The Many Sides of Charles Laseron, Part I

Charles Laseron among staff at the Technological Museum, Sydney, 1919, MAAS Collection, MRS 299/17 (detail)
Charles Laseron among staff at the Technological Museum, Sydney, 1919, MAAS Collection, MRS 299/17 (detail)

Charles Laseron was an early collector at MAAS and formative influence upon our applied arts collection. He was also present during the Gallipoli landings in 1915. In the week leading up to the ANZAC Centenary, we are publishing a series of posts detailing Laseron’s life. This post is the first of three.

Charles Laseron was a collector from a young age. He had his own museum of geological specimens in the loft of his Lithgow home at the age of 9, charging one penny as an entrance fee. In 1902, at 15 years old, he enrolled at Sydney Technical College and studied geology and mineralogy at night under noted geologist Carl Sussmilch. By day he worked at the Bank of New South Wales.

In 1906, Laseron travelled up the Shoalhaven River from Nowra by punt on a 3-week collecting trip, living off wallaby and damper. This journey resulted in his first science paper, “The geology of the lower Shoalhaven” published in Australian Naturalist in July that year. It was the same month he became collector at the Museum. He was 18 years old.

Charles Laseron (front row, second from right) among staff at the Technological Museum, Sydney, 1919, MAAS Collection, MRS 299/17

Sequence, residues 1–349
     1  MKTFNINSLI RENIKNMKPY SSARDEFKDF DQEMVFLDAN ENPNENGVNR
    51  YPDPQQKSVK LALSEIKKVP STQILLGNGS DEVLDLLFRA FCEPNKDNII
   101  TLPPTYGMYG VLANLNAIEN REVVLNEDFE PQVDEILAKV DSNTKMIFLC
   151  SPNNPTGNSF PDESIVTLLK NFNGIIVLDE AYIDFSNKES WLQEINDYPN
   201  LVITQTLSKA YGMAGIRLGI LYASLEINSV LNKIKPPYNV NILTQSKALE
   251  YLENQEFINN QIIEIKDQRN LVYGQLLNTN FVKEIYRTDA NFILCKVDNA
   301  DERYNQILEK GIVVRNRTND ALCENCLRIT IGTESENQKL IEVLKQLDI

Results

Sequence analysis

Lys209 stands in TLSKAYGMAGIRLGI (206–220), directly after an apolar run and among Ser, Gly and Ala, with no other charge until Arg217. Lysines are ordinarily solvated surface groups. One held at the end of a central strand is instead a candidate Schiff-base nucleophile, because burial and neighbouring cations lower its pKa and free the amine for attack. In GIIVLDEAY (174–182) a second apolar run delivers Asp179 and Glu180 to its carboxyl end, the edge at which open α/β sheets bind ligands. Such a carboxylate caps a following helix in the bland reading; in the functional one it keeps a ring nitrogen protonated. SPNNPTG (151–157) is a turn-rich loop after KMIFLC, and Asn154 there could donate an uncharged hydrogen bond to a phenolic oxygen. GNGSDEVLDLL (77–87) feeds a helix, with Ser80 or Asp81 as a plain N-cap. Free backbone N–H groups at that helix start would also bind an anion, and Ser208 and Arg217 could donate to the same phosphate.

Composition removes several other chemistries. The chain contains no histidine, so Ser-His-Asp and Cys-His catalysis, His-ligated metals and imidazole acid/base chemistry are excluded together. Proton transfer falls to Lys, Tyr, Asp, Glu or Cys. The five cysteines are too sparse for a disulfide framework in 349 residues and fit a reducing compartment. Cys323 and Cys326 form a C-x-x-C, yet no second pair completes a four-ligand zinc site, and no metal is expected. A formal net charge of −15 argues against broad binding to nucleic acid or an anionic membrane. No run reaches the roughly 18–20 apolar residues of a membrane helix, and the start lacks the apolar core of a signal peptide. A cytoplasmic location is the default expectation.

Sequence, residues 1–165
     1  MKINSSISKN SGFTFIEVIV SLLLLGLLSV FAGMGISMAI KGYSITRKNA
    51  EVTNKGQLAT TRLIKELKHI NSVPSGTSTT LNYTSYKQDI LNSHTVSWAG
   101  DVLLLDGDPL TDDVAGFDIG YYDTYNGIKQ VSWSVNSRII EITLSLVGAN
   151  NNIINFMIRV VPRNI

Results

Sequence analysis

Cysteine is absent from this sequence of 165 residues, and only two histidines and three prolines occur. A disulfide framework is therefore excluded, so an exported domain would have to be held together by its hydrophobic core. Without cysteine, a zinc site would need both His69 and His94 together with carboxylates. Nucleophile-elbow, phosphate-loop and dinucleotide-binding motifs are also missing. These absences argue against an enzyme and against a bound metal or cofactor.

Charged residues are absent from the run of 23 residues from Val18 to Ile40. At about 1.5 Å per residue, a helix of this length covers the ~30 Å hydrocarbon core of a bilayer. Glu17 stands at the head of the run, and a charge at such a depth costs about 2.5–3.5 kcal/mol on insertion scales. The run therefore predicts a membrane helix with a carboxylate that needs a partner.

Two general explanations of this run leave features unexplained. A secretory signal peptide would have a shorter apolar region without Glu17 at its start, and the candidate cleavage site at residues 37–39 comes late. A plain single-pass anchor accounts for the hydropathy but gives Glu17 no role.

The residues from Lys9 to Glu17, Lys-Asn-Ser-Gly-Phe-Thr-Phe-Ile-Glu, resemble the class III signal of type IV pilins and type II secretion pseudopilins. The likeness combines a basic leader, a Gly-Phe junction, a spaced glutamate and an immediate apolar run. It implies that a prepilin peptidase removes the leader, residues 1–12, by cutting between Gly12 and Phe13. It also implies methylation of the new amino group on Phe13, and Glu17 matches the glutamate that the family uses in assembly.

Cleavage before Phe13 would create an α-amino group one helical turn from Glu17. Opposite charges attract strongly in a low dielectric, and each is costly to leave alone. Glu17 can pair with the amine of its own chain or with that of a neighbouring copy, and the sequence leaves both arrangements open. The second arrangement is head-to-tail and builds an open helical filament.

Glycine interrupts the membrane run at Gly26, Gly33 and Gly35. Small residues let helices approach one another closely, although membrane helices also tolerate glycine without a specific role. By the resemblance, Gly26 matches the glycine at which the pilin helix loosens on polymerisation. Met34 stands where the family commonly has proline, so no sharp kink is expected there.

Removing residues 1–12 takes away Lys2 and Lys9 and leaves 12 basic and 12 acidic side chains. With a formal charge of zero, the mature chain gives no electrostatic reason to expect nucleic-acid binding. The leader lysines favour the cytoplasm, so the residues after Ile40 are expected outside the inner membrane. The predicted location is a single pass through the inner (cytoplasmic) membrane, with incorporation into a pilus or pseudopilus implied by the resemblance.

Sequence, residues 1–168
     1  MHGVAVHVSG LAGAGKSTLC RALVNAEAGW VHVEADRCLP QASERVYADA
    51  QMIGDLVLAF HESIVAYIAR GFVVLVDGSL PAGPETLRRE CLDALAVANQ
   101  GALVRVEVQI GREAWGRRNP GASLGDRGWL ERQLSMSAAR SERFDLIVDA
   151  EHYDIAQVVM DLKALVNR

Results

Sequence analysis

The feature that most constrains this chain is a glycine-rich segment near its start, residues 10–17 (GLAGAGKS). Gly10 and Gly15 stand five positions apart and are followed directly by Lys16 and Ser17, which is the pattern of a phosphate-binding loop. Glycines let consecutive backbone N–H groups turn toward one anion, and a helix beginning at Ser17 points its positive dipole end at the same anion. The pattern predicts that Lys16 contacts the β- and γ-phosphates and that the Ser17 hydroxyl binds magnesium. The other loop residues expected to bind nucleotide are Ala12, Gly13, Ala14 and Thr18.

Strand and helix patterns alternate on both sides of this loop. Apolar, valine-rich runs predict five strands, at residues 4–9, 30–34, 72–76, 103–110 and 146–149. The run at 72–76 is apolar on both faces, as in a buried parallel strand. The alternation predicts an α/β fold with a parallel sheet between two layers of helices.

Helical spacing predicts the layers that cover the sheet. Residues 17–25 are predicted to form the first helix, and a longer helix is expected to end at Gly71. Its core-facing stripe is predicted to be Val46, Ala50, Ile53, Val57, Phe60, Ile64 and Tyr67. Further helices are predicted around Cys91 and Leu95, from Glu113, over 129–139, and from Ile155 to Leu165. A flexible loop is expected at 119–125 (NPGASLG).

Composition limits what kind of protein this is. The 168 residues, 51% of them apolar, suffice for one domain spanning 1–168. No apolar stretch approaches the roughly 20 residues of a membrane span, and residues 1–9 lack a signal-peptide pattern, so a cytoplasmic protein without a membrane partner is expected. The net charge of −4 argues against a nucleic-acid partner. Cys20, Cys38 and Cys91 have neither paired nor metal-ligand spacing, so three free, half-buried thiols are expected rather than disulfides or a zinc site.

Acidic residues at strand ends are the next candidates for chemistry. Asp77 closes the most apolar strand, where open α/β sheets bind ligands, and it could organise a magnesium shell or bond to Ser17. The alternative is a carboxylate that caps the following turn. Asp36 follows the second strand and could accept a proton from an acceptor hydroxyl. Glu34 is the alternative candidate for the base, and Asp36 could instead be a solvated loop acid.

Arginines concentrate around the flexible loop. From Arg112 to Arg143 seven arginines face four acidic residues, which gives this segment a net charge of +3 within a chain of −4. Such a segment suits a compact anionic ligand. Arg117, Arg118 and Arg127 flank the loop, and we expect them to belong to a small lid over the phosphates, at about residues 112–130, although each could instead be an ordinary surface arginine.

Charles Laseron (front row, second from right) among staff at the Technological Museum, Sydney, 1919, MAAS Collection, MRS 299/17

Life for Laseron as a collector meant travelling by second-class rail and bicycle through New South Wales, Tasmania and southern Queensland. He was directed by the curator to search for botanical and geological specimens. Writing to museum clerk George Beyer, he paints a colourful picture of life on the road:

Had hard work getting from Nimmitabel here on the bike, as I had a southerly gale in my teeth the whole way, and the roads were heavy after rain … when I arrived I was mud from head to foot, and you ought to have seen the bicycle. Send me a few official envelopes will you (Laseron, August 1913).

Letter from Charles Laseron to George Beyer, 6 August 1913, MAAS collection, MRS 203
Letter from Charles Laseron to George Beyer, 6 August 1913, MAAS collection, MRS 203

Anything from marble and granite blocks to bags of leaves would be transported by ship or rail back to Sydney for testing by the museum’s scientists. Laseron’s field notes from this time provided reference material for the museum’s research publications.

Stone specimens collected by Charles Laseron in New South Wales in 1908, MAAS collection
Stone specimens collected by Charles Laseron in New South Wales in 1908, MAAS collection

Laseron’s explorations throughout Australia as a collector for the Museum foreshadowed the long journeys he would take in the next phase of his life, including his Australian experience of war on the shores of Gallipoli.

To continue reading, see the second post and the third post in this series. 

This post was adapted by Alli Burness from “The Many Sides of Charles Laseron” by Jill Chapman. The original chapter appears in Greame Davison and Kimberly Webber (ed.s), Yesterday’s Tomorrow: the Powerhouse Museum and It’s Precursors, 1880 –2005, Sydney: Powerhouse Publishing in association with UNSW Press, 2005, 124–125.

References

Australian Naturalist, volume 1, issue 3, 1906-09, pp 26-7

MAAS Archives, series MRS 203, Laseron to Beyer, 6 August 1913

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